There are many things to worry about as the fight against coronavirus intensifies; one of the basic and perhaps most notable for most people is the fear of running out of food supplies while practicing social distancing.
This is quite important as many harbor fears of ordering food or going to restaurants to buy take-outs as the spread of the disease continues rapidly. This guide answers a few of these mind-boggling questions that you may have.
1. Can I get the coronavirus from eating packaged food from restaurants?
This question is one of the most widely searched right now because ordering cooked food is seemingly a good option to help you control the amount of food you consume each day.
For one, it is crucial to note that ordering food has been deemed entirely safe. This, however, doesn't mean you should stop following basic hygiene procedures like washing your hands before and after handling such packages as well as ensuring the delivery is contactless.
2. Is food a vector of COVID-19 transmission?
This question cannot be answered – yet. However, from past studies, food is not a vector for the COVID-19. A close study of the epidemiology of such food-borne diseases shows that the COVID-19 is starkly different from them.
Also, the CDC has established that most affected people contracted the virus from close association with infected persons or from touching surfaces that contained the virus. A case linked to food consumption is yet to be found.
3. If the virus gets into food, how long would it last?
No matter the assurance that it is nearly impossible to get the virus from food, this question is still widely asked.
Well, for now, reports on how long the coronavirus can last on food are limited. However, general findings have established that viruses live for longer on non-organic surfaces like metal than on organic surfaces like cardboard and, of course, food.
4. Are there any unique risks associated with food regarding the pandemic?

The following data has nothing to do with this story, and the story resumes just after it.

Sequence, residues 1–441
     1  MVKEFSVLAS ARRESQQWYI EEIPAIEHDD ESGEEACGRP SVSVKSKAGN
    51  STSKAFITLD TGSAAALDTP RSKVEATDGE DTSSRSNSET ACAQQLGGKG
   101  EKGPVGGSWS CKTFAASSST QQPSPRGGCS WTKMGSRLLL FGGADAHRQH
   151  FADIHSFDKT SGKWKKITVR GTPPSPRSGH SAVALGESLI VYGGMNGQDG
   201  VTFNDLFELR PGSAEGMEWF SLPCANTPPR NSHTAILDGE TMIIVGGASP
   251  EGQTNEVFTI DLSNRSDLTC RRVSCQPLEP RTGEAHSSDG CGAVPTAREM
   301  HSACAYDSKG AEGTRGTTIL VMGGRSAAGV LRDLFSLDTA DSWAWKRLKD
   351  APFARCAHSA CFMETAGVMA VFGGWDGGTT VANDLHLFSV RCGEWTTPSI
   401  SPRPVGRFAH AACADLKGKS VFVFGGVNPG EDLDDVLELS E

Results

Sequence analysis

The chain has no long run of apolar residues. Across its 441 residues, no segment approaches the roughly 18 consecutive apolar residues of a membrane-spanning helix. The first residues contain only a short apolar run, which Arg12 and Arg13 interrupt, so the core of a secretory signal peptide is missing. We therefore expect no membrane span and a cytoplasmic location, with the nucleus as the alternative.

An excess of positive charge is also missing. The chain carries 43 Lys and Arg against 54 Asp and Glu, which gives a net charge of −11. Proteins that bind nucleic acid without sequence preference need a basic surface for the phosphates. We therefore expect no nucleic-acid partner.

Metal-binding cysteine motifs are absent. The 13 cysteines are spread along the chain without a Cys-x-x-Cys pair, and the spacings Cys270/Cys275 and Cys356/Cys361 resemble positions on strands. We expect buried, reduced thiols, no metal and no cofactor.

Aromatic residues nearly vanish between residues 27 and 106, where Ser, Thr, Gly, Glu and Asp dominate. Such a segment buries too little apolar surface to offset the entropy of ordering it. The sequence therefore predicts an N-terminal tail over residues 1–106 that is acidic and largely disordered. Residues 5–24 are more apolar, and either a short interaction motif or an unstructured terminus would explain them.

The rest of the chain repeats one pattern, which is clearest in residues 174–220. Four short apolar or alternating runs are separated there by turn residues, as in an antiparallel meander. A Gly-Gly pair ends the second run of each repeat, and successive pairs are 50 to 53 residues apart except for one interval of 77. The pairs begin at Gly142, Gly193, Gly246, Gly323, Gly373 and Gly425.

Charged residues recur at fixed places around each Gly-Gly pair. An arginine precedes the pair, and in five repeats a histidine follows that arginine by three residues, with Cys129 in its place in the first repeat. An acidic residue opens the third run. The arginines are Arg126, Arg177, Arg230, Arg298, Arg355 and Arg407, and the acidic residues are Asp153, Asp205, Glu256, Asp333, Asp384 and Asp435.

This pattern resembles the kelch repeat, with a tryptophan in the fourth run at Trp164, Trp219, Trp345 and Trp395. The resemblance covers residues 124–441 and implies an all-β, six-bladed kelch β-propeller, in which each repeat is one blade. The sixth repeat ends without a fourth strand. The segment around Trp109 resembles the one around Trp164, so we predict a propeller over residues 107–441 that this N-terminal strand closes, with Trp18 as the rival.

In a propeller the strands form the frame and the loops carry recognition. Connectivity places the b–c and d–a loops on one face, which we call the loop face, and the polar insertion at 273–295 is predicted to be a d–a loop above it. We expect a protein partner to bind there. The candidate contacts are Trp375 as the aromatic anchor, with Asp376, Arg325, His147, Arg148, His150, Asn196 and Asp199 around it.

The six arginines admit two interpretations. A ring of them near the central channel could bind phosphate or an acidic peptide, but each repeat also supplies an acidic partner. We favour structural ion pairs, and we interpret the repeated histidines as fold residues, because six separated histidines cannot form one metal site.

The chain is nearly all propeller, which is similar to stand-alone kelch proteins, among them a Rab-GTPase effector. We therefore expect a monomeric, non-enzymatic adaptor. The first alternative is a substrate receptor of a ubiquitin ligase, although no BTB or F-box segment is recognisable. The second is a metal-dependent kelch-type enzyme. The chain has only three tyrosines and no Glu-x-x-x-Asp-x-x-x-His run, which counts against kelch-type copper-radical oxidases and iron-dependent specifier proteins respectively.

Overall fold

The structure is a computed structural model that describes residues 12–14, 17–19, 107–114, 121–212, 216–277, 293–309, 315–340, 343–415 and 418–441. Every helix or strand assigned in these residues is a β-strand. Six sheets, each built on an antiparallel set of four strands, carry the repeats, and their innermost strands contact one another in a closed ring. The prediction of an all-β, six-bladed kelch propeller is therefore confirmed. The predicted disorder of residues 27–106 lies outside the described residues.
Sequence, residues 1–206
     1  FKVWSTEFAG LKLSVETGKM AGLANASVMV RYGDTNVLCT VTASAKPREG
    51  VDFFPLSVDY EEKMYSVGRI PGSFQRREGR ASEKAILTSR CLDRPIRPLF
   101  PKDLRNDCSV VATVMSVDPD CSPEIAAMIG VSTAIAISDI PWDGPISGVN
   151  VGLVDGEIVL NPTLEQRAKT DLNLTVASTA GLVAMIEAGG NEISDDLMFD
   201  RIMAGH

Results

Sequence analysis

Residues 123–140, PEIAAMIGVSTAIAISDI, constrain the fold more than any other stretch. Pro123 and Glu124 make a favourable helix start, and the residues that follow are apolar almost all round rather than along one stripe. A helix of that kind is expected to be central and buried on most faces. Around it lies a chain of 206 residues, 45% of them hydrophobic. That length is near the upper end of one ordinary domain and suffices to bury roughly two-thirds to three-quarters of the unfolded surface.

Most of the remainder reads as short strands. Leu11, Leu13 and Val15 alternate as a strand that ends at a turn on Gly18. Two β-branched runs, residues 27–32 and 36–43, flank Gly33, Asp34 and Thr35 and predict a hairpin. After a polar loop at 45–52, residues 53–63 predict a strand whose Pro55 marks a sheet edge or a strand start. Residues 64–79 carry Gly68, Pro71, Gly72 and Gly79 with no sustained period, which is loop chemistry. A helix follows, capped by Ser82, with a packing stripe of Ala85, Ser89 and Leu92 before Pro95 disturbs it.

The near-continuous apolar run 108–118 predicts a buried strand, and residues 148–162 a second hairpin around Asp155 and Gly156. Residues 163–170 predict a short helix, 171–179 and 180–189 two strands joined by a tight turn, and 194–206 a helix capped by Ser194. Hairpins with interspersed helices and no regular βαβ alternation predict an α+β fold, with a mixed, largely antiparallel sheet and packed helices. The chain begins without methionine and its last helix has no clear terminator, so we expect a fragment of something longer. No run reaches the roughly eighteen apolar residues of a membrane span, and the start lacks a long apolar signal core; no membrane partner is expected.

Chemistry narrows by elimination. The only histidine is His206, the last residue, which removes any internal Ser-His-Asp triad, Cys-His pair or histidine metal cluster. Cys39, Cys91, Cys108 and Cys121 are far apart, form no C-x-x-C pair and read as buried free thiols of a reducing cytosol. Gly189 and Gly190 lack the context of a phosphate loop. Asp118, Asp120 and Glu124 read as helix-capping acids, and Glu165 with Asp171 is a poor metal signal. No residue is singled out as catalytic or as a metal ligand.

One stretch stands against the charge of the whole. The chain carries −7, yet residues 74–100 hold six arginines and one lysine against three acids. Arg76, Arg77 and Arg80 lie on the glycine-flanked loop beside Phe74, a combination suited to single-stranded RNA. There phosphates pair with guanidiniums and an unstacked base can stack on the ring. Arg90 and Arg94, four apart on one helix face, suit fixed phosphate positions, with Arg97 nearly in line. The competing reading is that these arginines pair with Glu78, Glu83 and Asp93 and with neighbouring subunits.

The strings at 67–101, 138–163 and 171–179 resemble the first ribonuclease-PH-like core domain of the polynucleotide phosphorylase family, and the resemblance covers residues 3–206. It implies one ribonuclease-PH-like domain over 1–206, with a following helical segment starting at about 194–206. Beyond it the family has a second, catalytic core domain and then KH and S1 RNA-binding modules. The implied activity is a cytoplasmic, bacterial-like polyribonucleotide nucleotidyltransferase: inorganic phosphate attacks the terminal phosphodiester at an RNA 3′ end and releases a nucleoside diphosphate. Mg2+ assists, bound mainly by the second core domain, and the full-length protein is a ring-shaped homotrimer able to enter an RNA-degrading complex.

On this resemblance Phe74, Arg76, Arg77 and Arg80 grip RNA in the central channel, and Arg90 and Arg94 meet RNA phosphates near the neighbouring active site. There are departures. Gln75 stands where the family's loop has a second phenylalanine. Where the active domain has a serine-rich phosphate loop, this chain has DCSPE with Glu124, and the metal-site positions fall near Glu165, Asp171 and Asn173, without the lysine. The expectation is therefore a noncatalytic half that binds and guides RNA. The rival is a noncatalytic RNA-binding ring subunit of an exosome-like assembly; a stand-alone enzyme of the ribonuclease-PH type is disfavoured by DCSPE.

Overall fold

For now, there are no risks that have been established yet. This is perhaps because cooks and generally commercial food workers are well-trained in the proper safety and hygiene procedures.
Also, restaurants are mandated by the government to follow several rules that ensure hygienic practices and limit the number of germs transmitted to food to nearly zero.
5. Which poses a higher risk of getting infected with COVID-19: take-out, delivery, or cooking at home?
From the reports widely circulated by health providers, the primary way to contract COVID-19 is by coming into close contact with infected persons.
So, having food delivered to your home limits your chances of encountering an infected person. This makes it the best option; however, opt for contact-less delivery methods like having the food dropped at your door.
6. Can I still eat Chinese food?
Since the first COVID-19 case was reported in China, many have resorted to spreading rumors that it originated from eating bats. This has caused a dent in the activities of Chinese food businesses abroad.
You must know that just because China had the first case of COVID-19, it doesn't mean Chinese food is generally contagious. At the very least, there is yet to be any such publication from the Center for Disease Control.
7. How can I ensure that my food is safe before eating?
The simple answer is to always sterilize your food by heating it. This can be done in a microwave or just making sure to eat it immediately it is off the stove.
Like many other microbes, COVID-19 cannot survive such high temperatures. So, if you want to stay on the safe side, always make sure your food is hot before you start eating.
Eat healthy, stay happy!